Sendai Students Inspire in “Thank You” Concert

On July 24 twenty-six high-school students representing the tenth grade class from Sendai Ikuei Gakuen in Sendai, Miyagi Prefecture, held a concert at Scandinavia House to thank New Yorkers and the world for our support since the March 11, 2011 tragedy.

3.11 Survivors: 26 Student Voices from Tohoku, Japan! was an emotional – yet inspiring and uplifting – evening of songs and speeches. Masako Masuko and Yoshiya Morimoto, both 15 years old, served as moderators, describing in English how their lives were forever changed by the worst natural disaster to strike Japan in 140 years.

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Masako Masuko (left) and Yoshiya Morimoto, moderators of the program

“We’re here today to say ‘thank you’ to everybody who helped us in our time of greatest need,” says Morimoto. “We’re here today to show our gratitude to all of you for all of your help, for all of your love.”

Led by Ayelet Fogel, a native New Yorker and a teacher at Sendai Ikuei Gakuen, and accompanied on piano by Fogel’s brother Daniel, the students performed several songs, including “For the Beauty of the Earth” and “We Shall Overcome.” Two students, Sahoko Baba and Gosei Arima, shared their personal experiences of March 11.

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Sahoko Baba

Baba, 16, could not make her way home on the day of the disaster, so she spent the night at the school. “Every two students shared one blanket, and we had to sleep on the floor,” she says. “I couldn’t get to sleep. However, when I looked out the window at the night sky, I saw more stars than usual. Seeing all the stars lifted my spirits.”

She spoke of going home and finding her parents safe, their six-hour ordeal to get food and water, and the frightening aftershocks. Yet, she considers herself lucky. “I realized that my situation was better than thousands of others,” she says. “Thinking about the many people who died makes me very sad. I feel despair and grief for all of them.”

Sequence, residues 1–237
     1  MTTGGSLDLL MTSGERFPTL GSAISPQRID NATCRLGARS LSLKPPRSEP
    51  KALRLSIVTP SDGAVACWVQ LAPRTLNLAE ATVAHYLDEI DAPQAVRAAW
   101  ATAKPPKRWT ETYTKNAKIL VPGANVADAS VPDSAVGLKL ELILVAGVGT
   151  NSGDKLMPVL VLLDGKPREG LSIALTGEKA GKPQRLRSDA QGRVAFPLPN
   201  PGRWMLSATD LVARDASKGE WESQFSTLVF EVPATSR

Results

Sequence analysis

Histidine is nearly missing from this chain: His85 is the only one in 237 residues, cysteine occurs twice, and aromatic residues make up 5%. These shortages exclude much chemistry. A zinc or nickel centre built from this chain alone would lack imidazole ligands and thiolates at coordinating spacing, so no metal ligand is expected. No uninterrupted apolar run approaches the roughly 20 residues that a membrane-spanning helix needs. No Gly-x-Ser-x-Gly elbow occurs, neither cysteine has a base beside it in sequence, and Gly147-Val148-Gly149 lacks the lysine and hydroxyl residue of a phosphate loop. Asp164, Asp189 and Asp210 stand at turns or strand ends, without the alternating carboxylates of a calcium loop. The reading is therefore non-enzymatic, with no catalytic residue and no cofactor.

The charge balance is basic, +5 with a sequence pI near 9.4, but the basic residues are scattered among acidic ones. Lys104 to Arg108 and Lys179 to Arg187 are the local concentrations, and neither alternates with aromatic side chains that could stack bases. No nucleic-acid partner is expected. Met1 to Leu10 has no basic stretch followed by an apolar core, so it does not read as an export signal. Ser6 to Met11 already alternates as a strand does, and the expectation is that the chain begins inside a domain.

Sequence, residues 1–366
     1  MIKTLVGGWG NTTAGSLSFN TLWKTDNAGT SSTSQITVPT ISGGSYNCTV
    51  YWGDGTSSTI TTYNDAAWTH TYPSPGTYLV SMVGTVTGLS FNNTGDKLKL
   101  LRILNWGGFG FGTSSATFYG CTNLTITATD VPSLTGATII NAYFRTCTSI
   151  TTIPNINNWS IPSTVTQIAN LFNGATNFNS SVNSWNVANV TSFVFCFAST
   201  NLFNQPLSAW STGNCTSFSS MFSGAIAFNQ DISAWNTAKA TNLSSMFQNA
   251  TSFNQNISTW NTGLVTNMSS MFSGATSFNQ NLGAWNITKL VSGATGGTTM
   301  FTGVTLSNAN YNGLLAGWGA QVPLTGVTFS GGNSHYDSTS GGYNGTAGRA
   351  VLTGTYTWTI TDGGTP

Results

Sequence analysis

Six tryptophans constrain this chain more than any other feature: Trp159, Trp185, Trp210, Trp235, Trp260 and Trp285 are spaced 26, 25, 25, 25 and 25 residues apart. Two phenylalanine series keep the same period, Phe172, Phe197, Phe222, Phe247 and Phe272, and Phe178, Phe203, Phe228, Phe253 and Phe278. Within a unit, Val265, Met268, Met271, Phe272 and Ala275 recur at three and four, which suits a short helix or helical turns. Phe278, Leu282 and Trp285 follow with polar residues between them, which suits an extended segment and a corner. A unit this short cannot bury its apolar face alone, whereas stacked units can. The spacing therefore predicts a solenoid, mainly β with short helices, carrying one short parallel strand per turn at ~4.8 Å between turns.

Still, Baba is able to find hope for the future. She doesn’t know how long the recovery process will take, but “thanks to the support of the people of the world, including many of you,” she says, “we in Japan have been encouraged to do our best.”

Arima, 15, was shocked by the devastation he saw on the coastline, where one of his friends lives, in the days following the disaster. “I couldn’t believe that beautiful nature had attacked us like that,” he says. “I feel very fortunate that the tsunami did not come to my home. But having those thoughts make me feel shame and embarrassment . . . Just being alive is a great fortune.”

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Gosei Arima

Like his classmates, Arima is grateful for the generosity of strangers from all over the world. “Without your help we would never have been able to recover so quickly,” he says.

The survivors were joined by Akihito Obama, a shakuhachi player; Alice McDonald and Rachel Leiberman, students from Connecticut who sang two songs, “I’ll Be There” and “Umbrella,” to show their support; the dance troupe Yosakoi Dance Project 10tecomai; and AK Akemi Kakihara, a New York-based Japanese singer who was one of the event’s organizers.

AK and fellow organizer Hiroshi Kono of Mar Creation, Inc. are no strangers to Japan earthquake and tsunami relief. AK has organized several fundraisers in New York and frequently visits Northeastern Japan to visit schools such as Sendai Ikuei Gakuen, and Kono is one of the forces behind j-Summit New York, a concert series that showcases local bands while collecting donations earmarked for the Japanese Consulate’s recovery efforts.

AK’s group, JP Girls Save Japan with Your Love, sold wrapping paper featuring drawings made by Japanese elementary school children for whom AK performed last year. Mariko Osanai of Love Save Japan sold T-shirts and bags with the Love Save Japan logo, designed by New York-based Japanese artist Pesu. Pesu also did live painting during the concert, and that painting was auctioned for $500 at the end of the evening.

A portion of the donations from the 3.11 Survivors concert went to Make the Heaven Megumi Japan, a charity in Ishinomaki, and to Harlem Children’s Zone.

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Event organizers Ayelet Fogel and AK Akemi Kakihara

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New York-based Japanese artist Pesu

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Artwork by the students of Sendai Ikuei Gakuen

Twenty-six students from Tohoku, Japan, came to New York to thank us for our support, but we are the ones who benefitted from their presence. Each of the children is a true survivor; each of their stories is heartbreaking but inspiring.

As moderator Masako Masuko says, “The earthquake and tsunami took everything from us, but we will never give up.”